Changing the way we talk about the climate
SpunOut.ie are introducing new style guidelines for the way we talk about the climate crisis
Climate change is one of the biggest threats facing humanity today. Across the world, rising temperatures and carbon emissions are changing the way people live, where they can live, and their health and wellbeing. Young people are especially vulnerable to the impacts of the climate crisis, as it puts their future at risk.
Earlier this year, The Guardian made a decision to change the language they use when talking about the environment, choosing to use words that more accurately describe the crisis that is unfolding. SpunOut.ie has decided to follow in their footsteps and update our own style guidelines to change the way we talk about the climate crisis.
Why are we doing this?
What is happening to our climate is an emergency - but that’s not always how we talk about it. Scientists working in the area of climate research have said that the terms currently used to describe climate change (including 'climate change' and 'global warming') are not an accurate reflection of what it happening to the Earth's climate. By changing the language we are using, it helps to show the urgency of our current situation, and can change the way we talk about and think about the climate.
Young people and the fight against climate change
SpunOut.ie is an organisation by young people, for young people. We believe that the solutions to the climate crisis lie in the passion and energy of young people around the world who are calling on their leaders to tackle climate breakdown.
As a youth organisation, we believe it is important that the words we use to talk about the environmental crisis we are facing reflect how young people feel about this issue.
Greta Thunberg. Image: Anders Hellberg
One of the strongest advocates for changing the language we use around the climate is Greta Thunberg, a leading youth climate activist who started the Fridays for Future school strike movement.
How will we talk about climate change?
While we won’t stop using the words ‘climate change’ and ‘global warming’ completely, we have decided to introduce these terms into our content on the environment:
- Climate crisis
- Climate emergency
- Climate breakdown
- Global heating
- Environmental destruction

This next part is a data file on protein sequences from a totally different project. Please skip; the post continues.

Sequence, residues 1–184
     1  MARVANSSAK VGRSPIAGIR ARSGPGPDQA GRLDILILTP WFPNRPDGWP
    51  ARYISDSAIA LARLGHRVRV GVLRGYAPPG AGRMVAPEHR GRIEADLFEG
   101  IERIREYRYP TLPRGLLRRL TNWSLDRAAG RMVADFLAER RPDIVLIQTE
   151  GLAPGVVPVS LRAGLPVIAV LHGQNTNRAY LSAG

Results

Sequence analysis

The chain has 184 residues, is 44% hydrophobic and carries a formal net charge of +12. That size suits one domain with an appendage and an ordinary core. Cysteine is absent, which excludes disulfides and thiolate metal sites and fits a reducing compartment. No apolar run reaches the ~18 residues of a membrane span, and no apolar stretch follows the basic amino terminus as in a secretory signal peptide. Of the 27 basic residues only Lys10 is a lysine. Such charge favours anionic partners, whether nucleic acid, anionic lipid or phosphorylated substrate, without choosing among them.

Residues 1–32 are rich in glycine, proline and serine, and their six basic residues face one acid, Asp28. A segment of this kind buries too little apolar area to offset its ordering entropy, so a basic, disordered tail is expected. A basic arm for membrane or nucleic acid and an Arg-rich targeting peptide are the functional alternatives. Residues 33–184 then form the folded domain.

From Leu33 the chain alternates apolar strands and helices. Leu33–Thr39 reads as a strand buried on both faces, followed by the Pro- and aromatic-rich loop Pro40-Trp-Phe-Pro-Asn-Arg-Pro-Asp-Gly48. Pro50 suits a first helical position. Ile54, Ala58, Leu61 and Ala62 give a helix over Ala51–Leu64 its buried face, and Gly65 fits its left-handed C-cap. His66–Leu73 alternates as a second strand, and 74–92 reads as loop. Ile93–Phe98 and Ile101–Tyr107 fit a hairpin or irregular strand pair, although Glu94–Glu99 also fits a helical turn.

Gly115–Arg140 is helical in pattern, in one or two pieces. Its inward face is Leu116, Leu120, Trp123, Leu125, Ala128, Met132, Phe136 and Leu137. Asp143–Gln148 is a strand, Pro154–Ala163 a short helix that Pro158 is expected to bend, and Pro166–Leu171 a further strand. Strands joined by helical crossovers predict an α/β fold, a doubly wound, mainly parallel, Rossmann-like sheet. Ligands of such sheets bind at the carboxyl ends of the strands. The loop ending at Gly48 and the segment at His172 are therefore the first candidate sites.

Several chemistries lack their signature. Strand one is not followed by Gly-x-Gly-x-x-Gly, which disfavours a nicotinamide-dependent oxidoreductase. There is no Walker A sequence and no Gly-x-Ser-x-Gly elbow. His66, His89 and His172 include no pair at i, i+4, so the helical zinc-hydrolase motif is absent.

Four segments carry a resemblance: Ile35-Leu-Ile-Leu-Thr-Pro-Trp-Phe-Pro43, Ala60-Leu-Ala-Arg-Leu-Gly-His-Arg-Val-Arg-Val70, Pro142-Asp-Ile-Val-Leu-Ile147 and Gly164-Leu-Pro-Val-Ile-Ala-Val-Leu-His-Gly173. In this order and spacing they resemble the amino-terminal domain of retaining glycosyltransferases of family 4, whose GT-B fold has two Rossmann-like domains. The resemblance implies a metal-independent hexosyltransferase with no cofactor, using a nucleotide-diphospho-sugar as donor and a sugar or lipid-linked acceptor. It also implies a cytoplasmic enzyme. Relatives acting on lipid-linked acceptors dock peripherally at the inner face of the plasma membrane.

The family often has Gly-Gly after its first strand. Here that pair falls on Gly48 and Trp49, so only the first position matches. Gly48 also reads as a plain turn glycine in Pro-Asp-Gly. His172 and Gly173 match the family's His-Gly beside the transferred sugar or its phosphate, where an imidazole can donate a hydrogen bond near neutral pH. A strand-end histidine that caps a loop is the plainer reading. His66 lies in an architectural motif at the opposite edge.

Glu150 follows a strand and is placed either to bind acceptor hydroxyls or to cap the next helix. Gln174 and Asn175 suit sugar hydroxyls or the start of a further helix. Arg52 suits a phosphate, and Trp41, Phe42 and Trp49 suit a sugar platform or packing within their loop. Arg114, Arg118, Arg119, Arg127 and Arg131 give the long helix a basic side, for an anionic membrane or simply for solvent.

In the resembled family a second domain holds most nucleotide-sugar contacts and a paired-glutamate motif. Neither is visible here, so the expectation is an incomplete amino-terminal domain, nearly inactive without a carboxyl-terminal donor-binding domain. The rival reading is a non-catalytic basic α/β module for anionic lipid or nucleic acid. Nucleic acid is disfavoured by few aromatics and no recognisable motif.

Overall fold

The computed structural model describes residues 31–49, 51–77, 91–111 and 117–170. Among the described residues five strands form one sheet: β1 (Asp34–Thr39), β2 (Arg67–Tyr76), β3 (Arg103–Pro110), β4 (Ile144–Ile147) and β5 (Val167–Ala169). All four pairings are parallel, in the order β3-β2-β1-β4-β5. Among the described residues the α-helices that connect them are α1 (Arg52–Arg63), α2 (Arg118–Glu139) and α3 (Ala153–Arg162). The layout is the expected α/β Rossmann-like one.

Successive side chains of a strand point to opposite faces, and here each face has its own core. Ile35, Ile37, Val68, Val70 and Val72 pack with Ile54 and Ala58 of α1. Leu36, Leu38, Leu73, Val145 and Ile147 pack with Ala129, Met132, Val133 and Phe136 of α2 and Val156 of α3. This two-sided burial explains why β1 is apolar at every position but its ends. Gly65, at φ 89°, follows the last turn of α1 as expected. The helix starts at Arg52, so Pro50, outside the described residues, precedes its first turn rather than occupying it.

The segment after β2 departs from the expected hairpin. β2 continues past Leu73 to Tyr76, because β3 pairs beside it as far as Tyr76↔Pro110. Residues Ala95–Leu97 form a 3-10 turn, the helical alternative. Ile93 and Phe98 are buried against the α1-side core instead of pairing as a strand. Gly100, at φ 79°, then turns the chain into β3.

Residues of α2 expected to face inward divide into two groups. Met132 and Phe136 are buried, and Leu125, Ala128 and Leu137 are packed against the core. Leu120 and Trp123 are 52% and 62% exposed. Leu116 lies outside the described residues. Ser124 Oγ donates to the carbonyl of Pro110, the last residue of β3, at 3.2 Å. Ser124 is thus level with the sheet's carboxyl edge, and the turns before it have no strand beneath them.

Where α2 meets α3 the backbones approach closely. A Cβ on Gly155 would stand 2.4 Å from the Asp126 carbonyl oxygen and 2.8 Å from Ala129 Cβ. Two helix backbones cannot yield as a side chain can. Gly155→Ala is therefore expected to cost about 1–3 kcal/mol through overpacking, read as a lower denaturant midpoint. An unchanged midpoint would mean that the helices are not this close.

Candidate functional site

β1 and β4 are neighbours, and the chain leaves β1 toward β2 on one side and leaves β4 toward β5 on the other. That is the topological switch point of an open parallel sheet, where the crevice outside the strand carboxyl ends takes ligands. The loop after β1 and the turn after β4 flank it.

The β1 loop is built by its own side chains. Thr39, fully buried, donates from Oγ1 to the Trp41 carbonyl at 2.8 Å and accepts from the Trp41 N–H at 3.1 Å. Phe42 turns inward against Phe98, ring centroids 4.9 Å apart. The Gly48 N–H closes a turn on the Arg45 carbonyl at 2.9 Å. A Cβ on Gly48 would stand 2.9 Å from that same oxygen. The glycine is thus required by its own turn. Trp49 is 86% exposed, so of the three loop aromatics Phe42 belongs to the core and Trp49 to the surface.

- Environmental breakdown
Phrases like ‘climate crisis’ and ‘climate emergency’ give a sense of urgency to the issue, and ‘global heating’ is considered a more accurate description of the rising temperatures we are currently experiencing, according to a leading UK climate professor.
What difference will it make?
In order to solve the climate emergency, we need action from governments, world organisations, and corporations. Local, national, and global policy needs to shift to address climate breakdown. This is an issue that requires action, not just conversation.
However, changing the language we use to discuss the climate encourages people to stop viewing climate change as a future issue, and realise that this is something that is happening right now, and needs to be addressed right now. ‘Climate change’ implies a slow, gradual change over time, that is somewhat natural. Although some changes in our climate can, in some cases, have natural causes, the scale and speed of the change we are experiencing now is not slow or natural.
Our content on the climate:
We have recently created a series of new articles on the climate crisis, and we hope to continue to create more factsheets on this topic:
- What is climate change?
- How does climate change affect Ireland?
- How to contact politicians about the climate crisis
- What is the Paris Climate Agreement?
- How to lower your carbon footprint
- What is Ireland doing about climate change?
- 10 facts about climate change
Our volunteers are talking about the climate crisis
At SpunOut.ie, we want young people in Ireland to feel like their voices are heard. We want to give a platform to young people to share their views on the climate emergency and take part in projects to discuss and address our changing climate.
This includes articles, podcasts, and other content on the Sustainable Development Goals, climate change, and the environment. Find some of those opinion pieces here:
- Why I started caring about the climate emergency by Edidiong Bassey
- What is greenwashing and why should we be concerned? by Criodán Ó Murchú
- Why I'm feeling inspired after the Climate Action Strike by Sionnach Frost
- Climate change: The biggest challenge facing young people by Christian Nissen
- Small changes we can make to live more sustainably by Emma O'Toole
Want to get involved?
If you are a young person in Ireland age 16-25 who is passionate about the climate emergency, we want to hear from you. Find out how you can get involved with SpunOut.ie to create articles, podcasts or videos about the climate crisis, climate action, and how it feels to be a young person at a time when we are experiencing so much environmental change.